Stainless Steels Above 1000°F

At elevated temperatures, all stainless steels with high chromium contents will develop some “sigma phase” which causes embrittlement at lower temperatures. Sigma phase is very hard, nonmagnetic, and brittle. The composition of sigma phase varies depending on the alloy from which it formed. Sigma phase normally does not affect the steel’s elevated temperature properties but may make it so brittle at lower temperatures that failures will occur during startup or shutdown.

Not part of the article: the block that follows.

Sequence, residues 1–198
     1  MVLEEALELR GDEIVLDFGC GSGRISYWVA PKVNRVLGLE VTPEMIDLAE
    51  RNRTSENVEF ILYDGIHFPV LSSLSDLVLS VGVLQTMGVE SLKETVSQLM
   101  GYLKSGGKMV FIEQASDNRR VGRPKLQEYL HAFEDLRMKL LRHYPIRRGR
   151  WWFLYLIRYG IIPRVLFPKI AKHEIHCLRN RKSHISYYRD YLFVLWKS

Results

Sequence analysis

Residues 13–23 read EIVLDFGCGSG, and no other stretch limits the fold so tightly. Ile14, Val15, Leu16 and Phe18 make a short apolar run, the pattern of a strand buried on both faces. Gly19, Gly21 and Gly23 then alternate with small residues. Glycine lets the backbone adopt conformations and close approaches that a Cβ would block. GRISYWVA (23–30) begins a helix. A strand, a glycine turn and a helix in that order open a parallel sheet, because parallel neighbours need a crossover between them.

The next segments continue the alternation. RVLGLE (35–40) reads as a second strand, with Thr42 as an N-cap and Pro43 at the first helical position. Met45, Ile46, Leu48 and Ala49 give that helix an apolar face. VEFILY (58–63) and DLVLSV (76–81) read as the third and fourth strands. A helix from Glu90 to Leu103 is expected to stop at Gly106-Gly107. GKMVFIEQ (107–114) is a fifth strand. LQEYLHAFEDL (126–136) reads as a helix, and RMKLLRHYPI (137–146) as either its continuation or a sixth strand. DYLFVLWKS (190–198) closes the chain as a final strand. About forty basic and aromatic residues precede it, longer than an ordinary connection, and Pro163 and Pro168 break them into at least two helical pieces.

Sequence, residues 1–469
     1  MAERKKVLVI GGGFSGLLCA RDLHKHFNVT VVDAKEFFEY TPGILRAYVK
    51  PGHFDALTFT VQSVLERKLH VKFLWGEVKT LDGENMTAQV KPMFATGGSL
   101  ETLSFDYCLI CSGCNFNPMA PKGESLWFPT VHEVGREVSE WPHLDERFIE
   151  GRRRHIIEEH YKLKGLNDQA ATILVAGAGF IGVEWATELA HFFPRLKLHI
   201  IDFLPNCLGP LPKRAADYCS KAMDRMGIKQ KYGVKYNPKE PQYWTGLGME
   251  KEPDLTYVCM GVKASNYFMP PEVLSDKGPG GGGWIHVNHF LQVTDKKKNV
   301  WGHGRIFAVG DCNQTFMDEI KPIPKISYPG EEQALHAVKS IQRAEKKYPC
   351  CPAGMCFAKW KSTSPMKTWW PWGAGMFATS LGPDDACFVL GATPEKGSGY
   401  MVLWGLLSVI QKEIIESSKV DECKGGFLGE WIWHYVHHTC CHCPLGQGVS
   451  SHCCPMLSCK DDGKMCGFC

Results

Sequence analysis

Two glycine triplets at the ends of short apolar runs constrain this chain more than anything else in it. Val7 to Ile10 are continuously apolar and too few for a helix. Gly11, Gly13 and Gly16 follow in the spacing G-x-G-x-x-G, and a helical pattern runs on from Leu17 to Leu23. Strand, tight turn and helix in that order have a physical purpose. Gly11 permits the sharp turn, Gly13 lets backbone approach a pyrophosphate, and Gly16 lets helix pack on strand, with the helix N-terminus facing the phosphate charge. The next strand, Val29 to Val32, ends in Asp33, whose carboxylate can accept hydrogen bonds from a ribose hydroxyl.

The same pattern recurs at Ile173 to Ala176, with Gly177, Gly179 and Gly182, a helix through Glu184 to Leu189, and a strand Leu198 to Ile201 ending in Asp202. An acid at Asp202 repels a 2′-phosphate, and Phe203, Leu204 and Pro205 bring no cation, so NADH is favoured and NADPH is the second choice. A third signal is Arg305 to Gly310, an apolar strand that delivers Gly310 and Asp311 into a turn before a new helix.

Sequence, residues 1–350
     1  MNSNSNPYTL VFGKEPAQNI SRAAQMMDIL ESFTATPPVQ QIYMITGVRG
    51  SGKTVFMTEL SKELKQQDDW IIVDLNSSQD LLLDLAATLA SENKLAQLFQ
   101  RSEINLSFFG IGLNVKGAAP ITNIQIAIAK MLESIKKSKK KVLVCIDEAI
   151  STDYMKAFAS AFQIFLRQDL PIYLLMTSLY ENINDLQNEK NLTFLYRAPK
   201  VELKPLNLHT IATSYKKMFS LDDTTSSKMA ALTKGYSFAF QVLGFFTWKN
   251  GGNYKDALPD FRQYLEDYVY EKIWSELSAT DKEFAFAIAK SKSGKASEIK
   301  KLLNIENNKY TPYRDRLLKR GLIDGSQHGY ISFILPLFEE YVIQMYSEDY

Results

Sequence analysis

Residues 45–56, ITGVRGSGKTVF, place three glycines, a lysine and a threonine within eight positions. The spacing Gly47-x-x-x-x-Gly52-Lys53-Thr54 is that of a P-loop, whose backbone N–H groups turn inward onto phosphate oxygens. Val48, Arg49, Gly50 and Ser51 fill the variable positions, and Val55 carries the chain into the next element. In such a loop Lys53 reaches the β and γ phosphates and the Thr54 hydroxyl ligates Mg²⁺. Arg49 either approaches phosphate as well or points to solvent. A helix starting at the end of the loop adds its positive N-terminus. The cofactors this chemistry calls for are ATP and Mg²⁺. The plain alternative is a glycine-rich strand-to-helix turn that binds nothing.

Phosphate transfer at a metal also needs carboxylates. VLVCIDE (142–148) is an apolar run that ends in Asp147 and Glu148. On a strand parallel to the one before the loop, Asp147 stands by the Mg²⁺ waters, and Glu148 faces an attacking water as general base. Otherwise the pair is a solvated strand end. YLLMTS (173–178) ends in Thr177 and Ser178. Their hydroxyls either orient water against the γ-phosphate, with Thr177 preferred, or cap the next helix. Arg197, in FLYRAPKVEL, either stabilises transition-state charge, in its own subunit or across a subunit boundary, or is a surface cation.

The straight chromium ferritic and martensitic stainless steels containing 13% and more chromium are very susceptible to extensive sigma phase formation at temperatures above about 1000°F. The austenitic stainless steels are not as susceptible because of their high nickel content, but they can develop damaging amounts of sigma phase when held between about 1000°F to 1550°F for long periods of time. Certain highly susceptible austenitic alloys, such as castings and welds, may develop serious embrittlement in a few hours at temperatures of 1200°F to 1300°F. Duplex stainless steels are also very susceptible to sigma embrittlement.

Sigma embrittlement is controlled by minimizing ferrite content of stainless steel welds. Refer to specifications PVM-MS-1322 and PVM-MS-4748. Duplex stainless steel is limited to 650°F maximum service temperature to avoid embrittlement.

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